Indeed, during most of my career as a network engineer, I never guessed that the queuing and discarding of packets in routers would create serious problems. More recently, though, as my Anagran colleagues and I scrutinized routers during peak workloads, we spotted two serious problems. First, routers discard packets somewhat randomly, causing some transmissions to stall. Second, the packets that are queued because of momentary overloads experience substantial and nonuniform delays, significantly reducing throughput (TCP throughput is inversely proportional to delay). These two effects hinder traffic for all applications, and some transmissions can take 10 times as long as others to complete.
As I talk to network operators all over the world, I hear one story after another about how the problem is only getting worse. Data traffic has been doubling virtually every year since 1970. Thanks to the development of high-capacity optical systems like dense wave division multiplexing (DWDM), bandwidth cost has been halved every year, so operators don’t have to spend more than they did the year before to keep up with the doubling in traffic. On the other hand, routers, as pieces of computing equipment, have followed Moore’s Law, and the cost of routing 1 megabit per second has decreased at a slower pace, halving every 1.5 years. Without a major change in router design, this cost discrepancy means that every three years a network operator will have to double its spending on infrastructure expansion.
Flow management can solve this capacity crunch. The concept of data flow might be more easily understood in the case of a voice or video stream, but it applies to all traffic over the Internet. Key to our approach is the fact that each packet contains a full identification of the flow it belongs to. This identification, encapsulated by the packet’s header according to the Internet Protocol version 4, or IPv4, consists of five values: source address, source port, destination address, destination port, and protocol.
All packets that are part of the same flow carry the same five-value identification. So in flow management, you have to effectively process—or route—only the first packet. You’d then take the routing parameters that apply to that first packet and store them in a hash table, a data structure that allows for fast lookup. When a new packet comes in, you’d check if its identification is in the hash, and if it is, that means the new packet is part of a flow you’ve already routed. You’d then quickly dispatch—the more accurate term is ”switch”—the packet straight to an output port, thus saving time and power.
If traffic gets too heavy, you’ll still have to discard packets. The big advantage is that now you can do it intelligently. By monitoring the packets as they’re coming in, you can track in real time the duration, throughput, bytes transferred, average packet size, and other metrics of every flow. For example, if a flow has a steady throughput, which is the case with voice and video, you can avoid discarding such packets, protecting these stream-based transmissions. For other types of traffic, such as Web browsing, you can selectively discard just enough packets to achieve specific rates without stalling those transmissions.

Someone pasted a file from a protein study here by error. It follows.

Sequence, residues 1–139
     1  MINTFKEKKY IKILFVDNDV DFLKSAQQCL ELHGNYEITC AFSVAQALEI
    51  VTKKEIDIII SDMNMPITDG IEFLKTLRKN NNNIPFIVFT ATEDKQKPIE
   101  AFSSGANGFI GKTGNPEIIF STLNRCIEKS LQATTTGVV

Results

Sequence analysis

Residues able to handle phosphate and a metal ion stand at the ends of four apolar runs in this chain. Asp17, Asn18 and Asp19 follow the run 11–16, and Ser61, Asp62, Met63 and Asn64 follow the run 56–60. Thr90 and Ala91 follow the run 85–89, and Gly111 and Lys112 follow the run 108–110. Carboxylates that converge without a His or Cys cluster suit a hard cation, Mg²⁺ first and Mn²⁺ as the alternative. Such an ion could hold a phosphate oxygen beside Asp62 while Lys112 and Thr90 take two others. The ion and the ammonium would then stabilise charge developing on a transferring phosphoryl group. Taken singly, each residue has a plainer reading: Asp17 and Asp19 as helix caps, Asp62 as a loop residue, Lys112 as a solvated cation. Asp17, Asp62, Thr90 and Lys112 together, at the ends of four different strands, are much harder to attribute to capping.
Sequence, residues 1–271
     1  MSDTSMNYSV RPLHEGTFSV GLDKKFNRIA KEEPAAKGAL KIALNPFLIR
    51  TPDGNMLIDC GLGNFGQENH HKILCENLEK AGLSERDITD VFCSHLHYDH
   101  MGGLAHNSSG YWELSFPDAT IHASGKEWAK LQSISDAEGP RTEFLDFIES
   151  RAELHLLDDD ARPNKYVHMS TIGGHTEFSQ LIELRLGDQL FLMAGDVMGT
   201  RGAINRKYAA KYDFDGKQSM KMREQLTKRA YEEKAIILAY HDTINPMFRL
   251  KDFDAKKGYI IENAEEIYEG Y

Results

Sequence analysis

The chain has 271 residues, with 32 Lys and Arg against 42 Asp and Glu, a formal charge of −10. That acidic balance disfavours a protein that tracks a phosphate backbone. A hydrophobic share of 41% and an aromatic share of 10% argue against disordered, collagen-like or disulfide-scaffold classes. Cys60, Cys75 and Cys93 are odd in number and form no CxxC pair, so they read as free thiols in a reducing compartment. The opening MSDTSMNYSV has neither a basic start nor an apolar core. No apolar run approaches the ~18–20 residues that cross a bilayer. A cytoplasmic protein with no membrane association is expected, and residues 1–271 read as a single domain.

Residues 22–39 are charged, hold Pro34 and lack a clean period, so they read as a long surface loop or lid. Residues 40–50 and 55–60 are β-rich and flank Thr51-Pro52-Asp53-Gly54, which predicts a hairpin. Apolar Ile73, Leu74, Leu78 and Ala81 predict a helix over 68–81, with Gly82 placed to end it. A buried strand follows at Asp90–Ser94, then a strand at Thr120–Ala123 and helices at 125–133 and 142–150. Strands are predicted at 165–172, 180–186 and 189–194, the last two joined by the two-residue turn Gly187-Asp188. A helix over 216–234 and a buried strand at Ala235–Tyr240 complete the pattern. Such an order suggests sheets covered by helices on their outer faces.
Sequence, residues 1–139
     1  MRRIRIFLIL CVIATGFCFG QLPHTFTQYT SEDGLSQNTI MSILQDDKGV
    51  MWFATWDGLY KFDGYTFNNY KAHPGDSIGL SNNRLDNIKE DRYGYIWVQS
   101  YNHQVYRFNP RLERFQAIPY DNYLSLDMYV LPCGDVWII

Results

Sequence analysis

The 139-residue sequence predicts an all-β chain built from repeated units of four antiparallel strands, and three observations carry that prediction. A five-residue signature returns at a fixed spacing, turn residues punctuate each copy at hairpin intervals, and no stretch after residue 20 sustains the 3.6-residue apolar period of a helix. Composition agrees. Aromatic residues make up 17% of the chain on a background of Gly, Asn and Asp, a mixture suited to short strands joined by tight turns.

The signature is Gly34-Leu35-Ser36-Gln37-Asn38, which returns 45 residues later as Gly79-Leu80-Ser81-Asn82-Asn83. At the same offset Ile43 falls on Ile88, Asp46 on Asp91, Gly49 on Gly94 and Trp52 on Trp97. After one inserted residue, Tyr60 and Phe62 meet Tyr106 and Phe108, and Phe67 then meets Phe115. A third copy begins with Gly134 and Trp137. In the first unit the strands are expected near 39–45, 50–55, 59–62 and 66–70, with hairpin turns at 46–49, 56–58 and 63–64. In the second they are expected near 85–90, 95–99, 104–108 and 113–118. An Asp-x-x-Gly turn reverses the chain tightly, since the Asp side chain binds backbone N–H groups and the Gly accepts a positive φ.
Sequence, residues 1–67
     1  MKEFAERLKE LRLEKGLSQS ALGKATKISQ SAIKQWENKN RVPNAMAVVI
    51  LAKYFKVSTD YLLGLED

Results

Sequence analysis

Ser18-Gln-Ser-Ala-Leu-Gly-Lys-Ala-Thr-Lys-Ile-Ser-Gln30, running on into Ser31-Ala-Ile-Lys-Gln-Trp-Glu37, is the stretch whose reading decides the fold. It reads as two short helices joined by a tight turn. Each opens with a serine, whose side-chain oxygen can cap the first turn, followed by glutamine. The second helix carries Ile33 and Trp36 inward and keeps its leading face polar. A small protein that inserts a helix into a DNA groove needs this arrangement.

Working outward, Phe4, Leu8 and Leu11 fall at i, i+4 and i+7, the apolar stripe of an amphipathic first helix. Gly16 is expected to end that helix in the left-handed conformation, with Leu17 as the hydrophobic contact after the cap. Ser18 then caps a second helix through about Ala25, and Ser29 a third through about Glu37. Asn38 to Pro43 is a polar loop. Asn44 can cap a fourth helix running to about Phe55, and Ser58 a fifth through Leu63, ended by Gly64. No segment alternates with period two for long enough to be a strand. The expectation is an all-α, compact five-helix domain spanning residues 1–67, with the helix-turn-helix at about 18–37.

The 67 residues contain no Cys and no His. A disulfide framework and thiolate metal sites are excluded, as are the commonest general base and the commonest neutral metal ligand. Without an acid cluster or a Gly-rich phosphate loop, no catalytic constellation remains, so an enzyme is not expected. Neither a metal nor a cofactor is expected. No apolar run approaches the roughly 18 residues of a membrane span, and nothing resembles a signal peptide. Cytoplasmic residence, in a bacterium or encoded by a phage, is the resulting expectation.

This capability is especially convenient for managing network overload due to P2P traffic. Conventionally, P2P is filtered out using a technique called deep packet inspection, or DPI, which looks at the data portion of all packets. With flow management, you can detect P2P because it relies on many long-duration flows per user. Then, without peeking into the packets’ data, you can limit their transmission to rates you deem fair.
Since the early days of the ARPANET, I’ve always thought that routers should manage flows rather than individual packets. Why hasn’t it been done before? The reason is that memory chips were too expensive until not long ago. You need lots of memory to store the hash table with routing parameters of each flow. (A 1 gigabit-per-second data trunk often carries about 100 000 flows.) If you were to keep a flow table on one IMP of 40 years ago, you’d spend US $1 million in memory. But about a decade ago, as memory cost kept falling, it started to make sense economically to design flow-management equipment.
In 1999, I founded Caspian Networks to develop large terabit flow routers, which I planned to sell to the carriers that maintain the Internet’s core infrastructure. That market, however, proved hard to crack—the carriers seem satisfied with overprovisioning, as well as techniques like traffic caching and compression, which ameliorate congestion without addressing the roots of the problem. In early 2004, I decided to leave Caspian and start Anagran, focusing on smaller flow-management equipment to solve the overload and fairness problems. We designed the equipment to operate at the edge of networks, the point where an Internet service provider aggregates traffic from its broadband subscribers or where a corporate network connects to the outside world. Virtually all network overload occurs at the edge.